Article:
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Berkeley Public Health Is on the Frontline of Research into How Racism Affects Public Health

Protestor holding up his fist in solidarity in Charlotte, NC (Photo: Clay Banks via Unsplash)

Protestor holding up his fist in solidarity in Charlotte, NC (Photo: Clay Banks via Unsplash)

Race- and ethnicity-based inequities in health outcomes for Americans are not news to public health specialists. Here at the UC Berkeley School of Public Health, our faculty, researchers, and students have been working to illuminate the many ways in which racism affects who gets healthcare, how that healthcare is delivered, and possible solutions to entrenched problems like police brutality.

“I think, in general, Berkeley is one of the home places [where] we really embody the social determinants of public health,” said Cassondra Marshall, an assistant professor in the Maternal, Child and Adolescent Health program at Berkeley Public Health who has documented multiple racial and ethnic disparities in reproductive health. “People [at the school] are looking at Black women and how racism has affected them on a biological level, and people are looking at police violence…. I think as we’re going through this Black Lives Matter moment, we’re looking more at racism. I think that’s the next step.”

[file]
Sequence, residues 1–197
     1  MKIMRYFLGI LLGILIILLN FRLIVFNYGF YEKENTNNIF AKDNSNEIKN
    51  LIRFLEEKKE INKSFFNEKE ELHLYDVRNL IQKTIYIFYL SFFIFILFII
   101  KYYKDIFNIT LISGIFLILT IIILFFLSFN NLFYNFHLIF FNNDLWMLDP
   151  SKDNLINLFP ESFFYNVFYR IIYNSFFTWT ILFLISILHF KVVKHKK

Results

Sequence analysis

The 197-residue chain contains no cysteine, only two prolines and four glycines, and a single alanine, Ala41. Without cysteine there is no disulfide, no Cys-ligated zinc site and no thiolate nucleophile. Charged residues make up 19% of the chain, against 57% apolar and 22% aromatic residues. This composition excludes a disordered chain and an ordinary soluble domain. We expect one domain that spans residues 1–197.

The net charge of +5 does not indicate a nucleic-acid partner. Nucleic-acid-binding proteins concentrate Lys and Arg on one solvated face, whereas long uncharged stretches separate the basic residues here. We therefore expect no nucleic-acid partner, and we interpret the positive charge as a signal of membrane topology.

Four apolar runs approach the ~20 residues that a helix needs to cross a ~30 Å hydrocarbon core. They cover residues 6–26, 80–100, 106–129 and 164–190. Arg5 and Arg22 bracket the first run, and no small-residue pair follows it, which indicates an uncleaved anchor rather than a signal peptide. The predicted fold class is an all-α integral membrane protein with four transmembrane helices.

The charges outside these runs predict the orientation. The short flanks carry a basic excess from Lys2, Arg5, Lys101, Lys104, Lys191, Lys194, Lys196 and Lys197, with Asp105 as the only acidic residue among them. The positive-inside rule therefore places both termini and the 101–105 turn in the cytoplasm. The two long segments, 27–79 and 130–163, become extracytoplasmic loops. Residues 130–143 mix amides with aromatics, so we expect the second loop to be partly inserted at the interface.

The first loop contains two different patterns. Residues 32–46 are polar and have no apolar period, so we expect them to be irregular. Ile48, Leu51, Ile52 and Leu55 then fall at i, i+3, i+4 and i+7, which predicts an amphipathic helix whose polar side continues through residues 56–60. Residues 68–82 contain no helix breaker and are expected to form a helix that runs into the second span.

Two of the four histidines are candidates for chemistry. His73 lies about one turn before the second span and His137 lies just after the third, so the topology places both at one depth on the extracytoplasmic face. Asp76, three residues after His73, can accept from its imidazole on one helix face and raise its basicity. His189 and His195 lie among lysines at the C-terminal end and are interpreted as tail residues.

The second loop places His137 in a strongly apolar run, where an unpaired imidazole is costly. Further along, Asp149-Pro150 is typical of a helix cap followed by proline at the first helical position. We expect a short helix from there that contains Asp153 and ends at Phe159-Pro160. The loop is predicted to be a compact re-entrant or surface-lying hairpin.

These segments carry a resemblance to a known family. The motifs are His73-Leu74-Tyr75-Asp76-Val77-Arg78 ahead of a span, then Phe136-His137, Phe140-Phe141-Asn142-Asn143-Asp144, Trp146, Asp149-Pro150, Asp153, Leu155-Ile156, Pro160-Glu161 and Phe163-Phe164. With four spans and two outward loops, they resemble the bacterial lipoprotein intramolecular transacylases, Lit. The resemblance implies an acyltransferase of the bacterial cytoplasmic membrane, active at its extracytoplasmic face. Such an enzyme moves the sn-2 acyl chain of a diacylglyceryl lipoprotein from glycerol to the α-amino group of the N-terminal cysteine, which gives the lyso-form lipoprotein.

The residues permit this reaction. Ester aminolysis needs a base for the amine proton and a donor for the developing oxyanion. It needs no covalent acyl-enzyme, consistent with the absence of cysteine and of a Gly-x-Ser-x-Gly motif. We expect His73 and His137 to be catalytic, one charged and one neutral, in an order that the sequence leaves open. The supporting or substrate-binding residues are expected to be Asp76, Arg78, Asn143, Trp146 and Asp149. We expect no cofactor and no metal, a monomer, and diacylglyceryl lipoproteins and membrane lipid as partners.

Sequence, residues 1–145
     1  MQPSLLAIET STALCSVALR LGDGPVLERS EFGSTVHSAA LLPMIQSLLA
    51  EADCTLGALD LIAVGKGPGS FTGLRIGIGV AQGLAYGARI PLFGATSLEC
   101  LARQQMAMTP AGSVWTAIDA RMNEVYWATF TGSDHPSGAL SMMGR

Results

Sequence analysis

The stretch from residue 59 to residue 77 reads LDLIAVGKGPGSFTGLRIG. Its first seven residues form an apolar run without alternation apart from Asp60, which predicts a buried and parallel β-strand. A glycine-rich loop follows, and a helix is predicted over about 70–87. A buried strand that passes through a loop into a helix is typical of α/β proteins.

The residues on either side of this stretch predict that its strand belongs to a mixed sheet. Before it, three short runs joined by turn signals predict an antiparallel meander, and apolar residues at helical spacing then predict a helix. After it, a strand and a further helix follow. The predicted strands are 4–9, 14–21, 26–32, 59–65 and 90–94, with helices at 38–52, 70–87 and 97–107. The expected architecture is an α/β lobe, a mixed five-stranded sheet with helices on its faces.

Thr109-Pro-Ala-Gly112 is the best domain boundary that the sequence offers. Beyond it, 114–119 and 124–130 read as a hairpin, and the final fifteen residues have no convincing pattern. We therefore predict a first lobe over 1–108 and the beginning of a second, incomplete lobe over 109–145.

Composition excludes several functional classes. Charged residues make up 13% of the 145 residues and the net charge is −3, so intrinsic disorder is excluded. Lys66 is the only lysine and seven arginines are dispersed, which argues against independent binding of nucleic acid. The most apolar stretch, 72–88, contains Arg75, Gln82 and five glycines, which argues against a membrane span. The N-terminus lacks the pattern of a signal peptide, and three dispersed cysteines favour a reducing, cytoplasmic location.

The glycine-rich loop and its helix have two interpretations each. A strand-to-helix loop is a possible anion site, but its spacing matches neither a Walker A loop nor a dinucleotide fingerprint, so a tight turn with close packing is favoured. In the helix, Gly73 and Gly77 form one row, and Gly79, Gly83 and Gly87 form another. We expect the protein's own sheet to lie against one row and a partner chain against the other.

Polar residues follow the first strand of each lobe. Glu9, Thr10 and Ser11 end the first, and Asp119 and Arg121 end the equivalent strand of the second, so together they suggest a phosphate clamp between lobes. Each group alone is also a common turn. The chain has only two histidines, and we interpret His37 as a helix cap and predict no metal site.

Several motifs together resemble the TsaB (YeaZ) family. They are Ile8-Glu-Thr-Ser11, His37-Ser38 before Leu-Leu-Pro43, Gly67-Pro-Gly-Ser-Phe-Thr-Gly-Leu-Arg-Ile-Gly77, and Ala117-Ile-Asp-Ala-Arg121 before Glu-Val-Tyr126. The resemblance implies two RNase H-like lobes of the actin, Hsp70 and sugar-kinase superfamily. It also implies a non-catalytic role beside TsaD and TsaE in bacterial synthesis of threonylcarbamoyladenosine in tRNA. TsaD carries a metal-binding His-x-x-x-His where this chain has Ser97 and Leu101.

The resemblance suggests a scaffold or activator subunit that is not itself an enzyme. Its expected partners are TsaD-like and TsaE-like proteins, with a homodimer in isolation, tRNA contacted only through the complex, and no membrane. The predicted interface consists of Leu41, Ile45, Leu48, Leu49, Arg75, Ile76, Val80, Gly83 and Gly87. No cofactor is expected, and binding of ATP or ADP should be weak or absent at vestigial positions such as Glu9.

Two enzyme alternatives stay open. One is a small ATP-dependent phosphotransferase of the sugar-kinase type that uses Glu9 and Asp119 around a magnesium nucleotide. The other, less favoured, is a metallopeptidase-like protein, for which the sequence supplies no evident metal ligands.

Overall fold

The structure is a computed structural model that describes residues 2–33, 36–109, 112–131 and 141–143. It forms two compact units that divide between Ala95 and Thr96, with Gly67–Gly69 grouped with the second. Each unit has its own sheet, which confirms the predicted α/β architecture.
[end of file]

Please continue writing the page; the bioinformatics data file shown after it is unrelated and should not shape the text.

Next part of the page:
Researchers at Berkeley Public Health have confirmed that race-based health inequities are not the result of biology or circumstances that can simply be resolved with better nutrition or widespread increased education, but rather that these issues stem from structural racism. 

“You can think of race as being a marker of social inequities,” said Osagie K. Obasogie, a professor of bioethics in the school’s Joint Medical Program. “We try to see race as a socially constructed difference that leads people of color to have these disparities and how racism disproportionately affects people of color to have adverse health outcomes.”

Amani Allen, an associate professor of community health sciences and epidemiology, has done extensive research on the ways in which instances of racism, structural racism, internalized racism, and the anticipation of racism, have contributed to the allostatic load, or “wear and tear” of the bodies of Black people and, more acutely, Black women. Allen’s research points to how racism, rather than other social determinants, is the cause of depreciation of the body, which can cause additional chronic physical and mental health issues over time.